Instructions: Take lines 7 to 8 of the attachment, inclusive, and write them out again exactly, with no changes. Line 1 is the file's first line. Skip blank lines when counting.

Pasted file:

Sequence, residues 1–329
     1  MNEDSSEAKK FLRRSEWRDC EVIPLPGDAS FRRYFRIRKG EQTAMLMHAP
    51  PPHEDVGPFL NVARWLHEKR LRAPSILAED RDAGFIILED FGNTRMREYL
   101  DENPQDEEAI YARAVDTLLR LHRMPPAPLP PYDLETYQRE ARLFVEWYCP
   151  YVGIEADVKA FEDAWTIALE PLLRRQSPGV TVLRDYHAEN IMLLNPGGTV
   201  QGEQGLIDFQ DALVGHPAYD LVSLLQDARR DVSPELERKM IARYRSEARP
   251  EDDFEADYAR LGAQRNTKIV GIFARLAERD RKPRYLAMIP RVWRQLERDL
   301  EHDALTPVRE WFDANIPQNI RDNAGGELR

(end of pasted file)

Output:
   251  EDDFEADYAR LGAQRNTKIV GIFARLAERD RKPRYLAMIP RVWRQLERDL
   301  EHDALTPVRE WFDANIPQNI RDNAGGELR